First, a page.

Neil Sheehan


Born
in Holyoke, Massachusetts , The United States
October 27, 1936

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Cornelius Mahoney "Neil" Sheehan is an American journalist. As a reporter for The New York Times in 1971, Sheehan obtained the classified Pentagon Papers from Daniel Ellsberg. His series of articles revealed a secret U.S. Department of Defense history of the Vietnam War and led to a U.S. Supreme Court case when the United States government attempted to halt publication.
He received a Pulitzer Prize and a National Book Award for his 1989 book A Bright Shining Lie, about the life of Lieutenant Colonel John Paul Vann and the United States involvement in the Vietnam War.

Average rating: 4.19 · 11,199 ratings · 493 reviews · 11 distinct worksSimilar authors
A Bright Shining Lie: John ...

4.23 avg rating — 10,035 ratings — published 1988 — 30 editions
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A Fiery Peace in a Cold War...

3.82 avg rating — 689 ratings — published 2009 — 14 editions
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The Pentagon Papers

3.86 avg rating — 303 ratings — published 1971 — 13 editions
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The Arnheiter Affair

4.22 avg rating — 67 ratings — published 1971 — 2 editions
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After The War Was Over: Han...

3.56 avg rating — 43 ratings — published 1992 — 5 editions
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Battle of AP Bac

4.44 avg rating — 9 ratings — published 2014 — 4 editions
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The Pentagon Papers: The Se...

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Những phóng sự về chiến tra...

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3.50 avg rating — 4 ratings — published 2005
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The Air War in Indochina

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really liked it 4.00 avg rating — 2 ratings — published 1971 — 3 editions
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We Werre There Vietnam

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3.50 avg rating — 2 ratings — published 2007 — 2 editions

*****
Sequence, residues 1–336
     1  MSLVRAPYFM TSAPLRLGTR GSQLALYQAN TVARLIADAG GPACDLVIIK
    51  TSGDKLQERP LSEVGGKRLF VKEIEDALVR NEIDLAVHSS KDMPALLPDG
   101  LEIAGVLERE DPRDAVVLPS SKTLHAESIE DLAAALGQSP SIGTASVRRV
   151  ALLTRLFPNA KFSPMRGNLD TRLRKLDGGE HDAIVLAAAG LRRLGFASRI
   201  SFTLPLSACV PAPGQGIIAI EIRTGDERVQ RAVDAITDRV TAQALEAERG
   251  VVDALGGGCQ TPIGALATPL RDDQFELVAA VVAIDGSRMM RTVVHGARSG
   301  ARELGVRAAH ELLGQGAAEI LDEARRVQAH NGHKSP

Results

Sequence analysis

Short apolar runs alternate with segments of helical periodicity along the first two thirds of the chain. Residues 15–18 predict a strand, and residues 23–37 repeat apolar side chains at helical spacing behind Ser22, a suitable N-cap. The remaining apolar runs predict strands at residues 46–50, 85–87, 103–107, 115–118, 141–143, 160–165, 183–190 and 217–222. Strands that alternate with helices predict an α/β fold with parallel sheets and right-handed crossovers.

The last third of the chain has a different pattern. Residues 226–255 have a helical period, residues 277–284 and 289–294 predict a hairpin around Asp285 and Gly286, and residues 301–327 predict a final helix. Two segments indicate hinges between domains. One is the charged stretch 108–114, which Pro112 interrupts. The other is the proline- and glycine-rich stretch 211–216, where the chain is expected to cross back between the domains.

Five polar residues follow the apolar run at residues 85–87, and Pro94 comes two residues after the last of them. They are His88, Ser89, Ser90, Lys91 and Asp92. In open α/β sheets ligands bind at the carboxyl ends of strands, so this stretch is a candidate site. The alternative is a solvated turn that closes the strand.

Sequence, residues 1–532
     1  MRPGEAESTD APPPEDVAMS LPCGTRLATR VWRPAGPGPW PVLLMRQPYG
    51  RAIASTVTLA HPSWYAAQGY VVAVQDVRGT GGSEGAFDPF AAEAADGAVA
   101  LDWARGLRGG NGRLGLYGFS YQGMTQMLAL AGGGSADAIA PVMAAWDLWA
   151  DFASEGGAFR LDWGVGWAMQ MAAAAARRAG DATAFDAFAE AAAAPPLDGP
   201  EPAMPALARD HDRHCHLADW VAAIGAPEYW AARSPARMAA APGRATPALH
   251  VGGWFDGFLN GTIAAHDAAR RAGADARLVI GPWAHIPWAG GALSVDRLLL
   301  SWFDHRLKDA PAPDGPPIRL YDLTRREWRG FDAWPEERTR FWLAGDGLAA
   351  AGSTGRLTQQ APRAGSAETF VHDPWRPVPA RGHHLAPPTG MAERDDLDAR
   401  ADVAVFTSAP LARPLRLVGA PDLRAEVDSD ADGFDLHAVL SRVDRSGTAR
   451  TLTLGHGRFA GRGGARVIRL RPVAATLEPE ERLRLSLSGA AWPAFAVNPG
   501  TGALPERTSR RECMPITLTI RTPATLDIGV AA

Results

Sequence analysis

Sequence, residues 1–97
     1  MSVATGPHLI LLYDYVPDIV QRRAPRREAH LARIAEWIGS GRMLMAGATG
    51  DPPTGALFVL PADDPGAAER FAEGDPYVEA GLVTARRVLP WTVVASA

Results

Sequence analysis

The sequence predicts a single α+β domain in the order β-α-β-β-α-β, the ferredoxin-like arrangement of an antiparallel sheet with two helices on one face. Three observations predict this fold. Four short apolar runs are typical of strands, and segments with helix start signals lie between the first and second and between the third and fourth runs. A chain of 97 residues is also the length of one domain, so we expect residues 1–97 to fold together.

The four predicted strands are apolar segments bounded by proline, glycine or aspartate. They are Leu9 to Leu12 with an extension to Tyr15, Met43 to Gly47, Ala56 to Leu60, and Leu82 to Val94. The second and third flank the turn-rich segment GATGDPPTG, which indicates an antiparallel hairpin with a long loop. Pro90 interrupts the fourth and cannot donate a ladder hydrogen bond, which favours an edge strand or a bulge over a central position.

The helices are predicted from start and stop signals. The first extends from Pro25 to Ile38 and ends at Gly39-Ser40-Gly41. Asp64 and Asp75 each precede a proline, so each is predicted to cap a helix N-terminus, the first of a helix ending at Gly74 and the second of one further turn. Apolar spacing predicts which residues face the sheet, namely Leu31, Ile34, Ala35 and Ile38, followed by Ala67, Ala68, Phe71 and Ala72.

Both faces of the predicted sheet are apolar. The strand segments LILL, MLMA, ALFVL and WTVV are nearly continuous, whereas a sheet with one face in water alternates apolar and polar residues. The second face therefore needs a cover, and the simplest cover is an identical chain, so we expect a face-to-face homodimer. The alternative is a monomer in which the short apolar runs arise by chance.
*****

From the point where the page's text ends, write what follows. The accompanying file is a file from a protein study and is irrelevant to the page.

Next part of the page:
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“Prevost was an imaginative gladiator of the air. He persuaded Vann to give him a pair of the new lightweight Armalite rifles, officially designated the AR-15 and later to be designated the M-16 when the Armalite was adopted as the standard U.S. infantry rifle. The Army was experimenting with the weapon and had issued Armalites to a company of 7th Division troops to see how the soldiers liked it and how well it worked on guerrillas. (The Armalite had a selector button for full or semiautomatic fire and shot a much smaller bullet at a much higher velocity than the older .30 caliber M-1 rifle. The high velocity caused the small bullet to inflict ugly wounds when it did not kill.) Prevost strapped the pair of Armalites to the support struts under the wings of the L-19 and invented a contrivance of wire that enabled him to pull the triggers from the cockpit to strafe guerrillas he sighted. He bombed the Viet Cong by tossing hand grenades out the windows.”
Neil Sheehan, A Bright Shining Lie: John Paul Vann and America in Vietnam

“Lansdale was a victim in Vietnam of his success in the Phillipines. Men who succeed at an enterprise of great moment often tie a snare for themselves by assuming that they have discovered some universal truth.”
Neil Sheehan, A Bright Shining Lie: John Paul Vann and America in Vietnam

“When Gene Crutchfield brought his troubled friend to Hopkins in 1938, Hopkins was twenty-four years old and in charge of LeKies Memorial, the Methodist church in the Atlantic City neighborhood. He had taken over the parish the year before and wore a mustache to try to make himself look older. It complemented his horn-rimmed glasses and added a bit of distinction to an otherwise unimpressive medium height and build. Hopkins’s father and grandfather had been Methodist ministers, but tradition was not the reason he had dropped out of law school and entered the ministry. He had been attracted by the ideas then being promoted within the Methodist Church in Virginia. They were ideas of the kind that are now taken for granted in American life—nutrition and welfare support for dependent children; free medical care for the impoverished and the aged; the right of workers to organize a union, to receive a minimum wage, to strike; interracial cooperation.”
Neil Sheehan, A Bright Shining Lie: John Paul Vann and America in Vietnam

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